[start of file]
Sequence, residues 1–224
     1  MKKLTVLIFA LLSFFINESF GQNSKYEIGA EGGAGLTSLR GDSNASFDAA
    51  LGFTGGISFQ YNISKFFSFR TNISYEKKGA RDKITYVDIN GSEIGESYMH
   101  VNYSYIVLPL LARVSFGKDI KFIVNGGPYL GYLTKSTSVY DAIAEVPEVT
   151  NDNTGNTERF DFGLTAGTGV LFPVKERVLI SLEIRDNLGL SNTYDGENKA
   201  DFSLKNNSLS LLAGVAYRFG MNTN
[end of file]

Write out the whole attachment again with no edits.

Sequence, residues 1–224
     1  MKKLTVLIFA LLSFFINESF GQNSKYEIGA EGGAGLTSLR GDSNASFDAA
    51  LGFTGGISFQ YNISKFFSFR TNISYEKKGA RDKITYVDIN GSEIGESYMH
   101  VNYSYIVLPL LARVSFGKDI KFIVNGGPYL GYLTKSTSVY DAIAEVPEVT
   151  NDNTGNTERF DFGLTAGTGV LFPVKERVLI SLEIRDNLGL SNTYDGENKA
   201  DFSLKNNSLS LLAGVAYRFG MNTN